An article in Foreign Policy last month asks us to rethink the brain drain. Authors Michael Clemens and David McKenzie (the latter an employee of the World Bank) argue that the movement of skilled labor is a boon to both developed and developing countries. They decry the term "brain drain" as a serious mischaracterization of the phenomenon.
Columbia University's Geoffrey Heal asks, "can renewable energy save the world?". The answer is dependent on infrastructure and technology, rather than cost:
Not too long ago, Bill Easterly and Justin Lin squared off at an event at the World Bank over the wisdom of industrial policy in developing countries. While I am sympathetic to Bill's position, judging by the mood of the crowd in the room, I would have to call the debate a tie.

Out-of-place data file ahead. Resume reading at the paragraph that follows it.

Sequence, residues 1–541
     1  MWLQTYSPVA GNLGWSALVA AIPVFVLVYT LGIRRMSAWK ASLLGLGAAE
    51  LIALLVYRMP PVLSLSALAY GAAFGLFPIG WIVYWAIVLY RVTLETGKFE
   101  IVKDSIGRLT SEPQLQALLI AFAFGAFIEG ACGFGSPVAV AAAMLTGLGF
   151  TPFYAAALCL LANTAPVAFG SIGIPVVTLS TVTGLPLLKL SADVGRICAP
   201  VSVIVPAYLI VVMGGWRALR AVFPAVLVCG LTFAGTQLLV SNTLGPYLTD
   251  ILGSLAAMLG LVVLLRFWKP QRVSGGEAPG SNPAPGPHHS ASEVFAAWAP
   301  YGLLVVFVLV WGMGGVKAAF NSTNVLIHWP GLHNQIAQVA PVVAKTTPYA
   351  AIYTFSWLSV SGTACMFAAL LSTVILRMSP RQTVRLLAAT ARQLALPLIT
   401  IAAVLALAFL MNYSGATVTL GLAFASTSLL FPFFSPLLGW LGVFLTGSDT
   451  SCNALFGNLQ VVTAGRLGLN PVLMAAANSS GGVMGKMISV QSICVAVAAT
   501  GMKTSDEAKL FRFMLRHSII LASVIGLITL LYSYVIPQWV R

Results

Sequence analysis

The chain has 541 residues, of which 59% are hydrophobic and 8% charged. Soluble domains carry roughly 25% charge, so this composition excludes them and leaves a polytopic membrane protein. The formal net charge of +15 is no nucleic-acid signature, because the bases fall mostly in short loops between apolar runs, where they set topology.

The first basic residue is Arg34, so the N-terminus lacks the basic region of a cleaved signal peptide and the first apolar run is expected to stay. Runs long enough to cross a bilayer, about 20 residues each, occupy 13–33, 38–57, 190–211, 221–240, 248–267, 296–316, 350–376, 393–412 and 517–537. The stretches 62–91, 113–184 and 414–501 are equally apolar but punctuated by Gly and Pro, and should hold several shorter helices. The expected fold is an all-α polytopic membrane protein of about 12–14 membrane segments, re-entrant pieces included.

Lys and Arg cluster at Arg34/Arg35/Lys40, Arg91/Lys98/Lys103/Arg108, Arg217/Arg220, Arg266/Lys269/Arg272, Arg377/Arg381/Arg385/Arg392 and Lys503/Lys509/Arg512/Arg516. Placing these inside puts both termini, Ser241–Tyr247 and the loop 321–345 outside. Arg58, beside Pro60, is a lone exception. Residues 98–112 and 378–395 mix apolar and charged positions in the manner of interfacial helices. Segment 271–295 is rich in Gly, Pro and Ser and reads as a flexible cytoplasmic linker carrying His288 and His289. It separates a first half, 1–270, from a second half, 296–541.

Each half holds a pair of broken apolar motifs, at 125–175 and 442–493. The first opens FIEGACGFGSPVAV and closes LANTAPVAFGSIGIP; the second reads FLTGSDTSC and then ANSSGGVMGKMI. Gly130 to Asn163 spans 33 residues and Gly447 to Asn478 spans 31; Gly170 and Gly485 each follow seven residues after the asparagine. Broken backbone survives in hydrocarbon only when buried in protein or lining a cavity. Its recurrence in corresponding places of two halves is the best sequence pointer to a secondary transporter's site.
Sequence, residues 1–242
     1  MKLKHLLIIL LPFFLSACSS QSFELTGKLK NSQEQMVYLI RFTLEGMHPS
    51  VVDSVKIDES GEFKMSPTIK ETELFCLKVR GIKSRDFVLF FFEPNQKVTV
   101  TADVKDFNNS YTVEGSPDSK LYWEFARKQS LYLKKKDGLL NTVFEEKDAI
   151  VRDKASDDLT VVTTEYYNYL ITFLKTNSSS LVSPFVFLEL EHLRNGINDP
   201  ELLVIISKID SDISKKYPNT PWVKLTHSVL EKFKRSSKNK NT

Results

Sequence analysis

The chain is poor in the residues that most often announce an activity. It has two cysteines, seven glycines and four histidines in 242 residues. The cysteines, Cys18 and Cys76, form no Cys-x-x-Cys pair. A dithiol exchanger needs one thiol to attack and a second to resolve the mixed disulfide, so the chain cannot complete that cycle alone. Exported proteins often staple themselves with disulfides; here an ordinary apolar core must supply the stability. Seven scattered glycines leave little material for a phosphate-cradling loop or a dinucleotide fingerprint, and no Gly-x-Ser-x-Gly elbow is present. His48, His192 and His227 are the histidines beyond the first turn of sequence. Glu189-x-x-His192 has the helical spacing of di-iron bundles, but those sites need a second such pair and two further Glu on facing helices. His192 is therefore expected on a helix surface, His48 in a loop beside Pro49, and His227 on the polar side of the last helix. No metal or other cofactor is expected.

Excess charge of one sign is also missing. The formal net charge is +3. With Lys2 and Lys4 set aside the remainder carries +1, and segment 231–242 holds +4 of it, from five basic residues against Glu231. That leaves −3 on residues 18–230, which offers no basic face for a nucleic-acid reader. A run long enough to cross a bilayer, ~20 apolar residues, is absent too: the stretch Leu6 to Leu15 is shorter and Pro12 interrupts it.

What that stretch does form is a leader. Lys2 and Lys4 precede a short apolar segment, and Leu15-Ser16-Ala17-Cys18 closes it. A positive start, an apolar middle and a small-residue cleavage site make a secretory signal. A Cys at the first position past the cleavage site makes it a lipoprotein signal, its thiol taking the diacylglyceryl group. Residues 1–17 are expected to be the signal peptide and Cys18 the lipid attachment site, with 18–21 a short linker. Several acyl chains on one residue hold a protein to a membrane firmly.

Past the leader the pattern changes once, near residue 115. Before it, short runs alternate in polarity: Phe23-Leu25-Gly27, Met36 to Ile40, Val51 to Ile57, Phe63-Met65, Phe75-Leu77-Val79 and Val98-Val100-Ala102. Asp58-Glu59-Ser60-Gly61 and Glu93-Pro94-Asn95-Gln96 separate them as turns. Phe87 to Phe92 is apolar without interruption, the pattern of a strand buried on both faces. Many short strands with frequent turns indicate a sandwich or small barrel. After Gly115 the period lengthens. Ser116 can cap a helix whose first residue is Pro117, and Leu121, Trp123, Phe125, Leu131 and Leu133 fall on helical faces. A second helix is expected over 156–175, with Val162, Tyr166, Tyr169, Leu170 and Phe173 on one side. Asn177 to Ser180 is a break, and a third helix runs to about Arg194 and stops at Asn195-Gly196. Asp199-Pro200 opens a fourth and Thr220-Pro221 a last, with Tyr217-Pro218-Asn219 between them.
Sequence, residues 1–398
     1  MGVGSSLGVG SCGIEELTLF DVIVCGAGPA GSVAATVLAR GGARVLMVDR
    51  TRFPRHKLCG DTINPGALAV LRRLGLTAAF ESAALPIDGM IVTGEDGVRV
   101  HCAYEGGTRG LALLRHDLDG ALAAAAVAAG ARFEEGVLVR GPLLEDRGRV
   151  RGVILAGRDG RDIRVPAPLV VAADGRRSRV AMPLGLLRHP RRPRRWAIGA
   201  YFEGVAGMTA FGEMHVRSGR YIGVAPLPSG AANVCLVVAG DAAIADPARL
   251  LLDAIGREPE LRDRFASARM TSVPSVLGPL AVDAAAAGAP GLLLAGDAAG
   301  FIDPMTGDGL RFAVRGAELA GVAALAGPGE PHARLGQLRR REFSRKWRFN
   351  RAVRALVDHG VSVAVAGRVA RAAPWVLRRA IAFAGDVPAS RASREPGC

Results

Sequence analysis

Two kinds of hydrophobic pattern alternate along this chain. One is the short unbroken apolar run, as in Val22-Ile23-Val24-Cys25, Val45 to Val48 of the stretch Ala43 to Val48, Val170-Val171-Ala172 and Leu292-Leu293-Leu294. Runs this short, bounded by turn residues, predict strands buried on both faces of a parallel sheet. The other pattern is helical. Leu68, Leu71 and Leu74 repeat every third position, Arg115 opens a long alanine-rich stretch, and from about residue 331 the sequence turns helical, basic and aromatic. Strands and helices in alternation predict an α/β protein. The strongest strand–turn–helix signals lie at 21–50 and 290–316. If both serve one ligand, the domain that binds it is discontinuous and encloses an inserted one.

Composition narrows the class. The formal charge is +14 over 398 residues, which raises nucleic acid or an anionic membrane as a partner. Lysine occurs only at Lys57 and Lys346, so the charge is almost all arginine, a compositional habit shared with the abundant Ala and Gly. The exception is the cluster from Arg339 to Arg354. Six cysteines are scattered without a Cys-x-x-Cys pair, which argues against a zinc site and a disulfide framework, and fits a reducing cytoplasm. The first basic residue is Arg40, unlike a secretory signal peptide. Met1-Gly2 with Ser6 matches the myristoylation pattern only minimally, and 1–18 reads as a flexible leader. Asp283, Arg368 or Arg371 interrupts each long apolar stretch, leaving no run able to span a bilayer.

The financial crisis and subsequent credit crunch has greatly reduced the options available to governments regarding PPPs. The reason is very simple: There is no longer enough money available for long-term private infrastructure investment. However, I see this as a temporary situation, as the rationale for PPPs remains as strong as ever.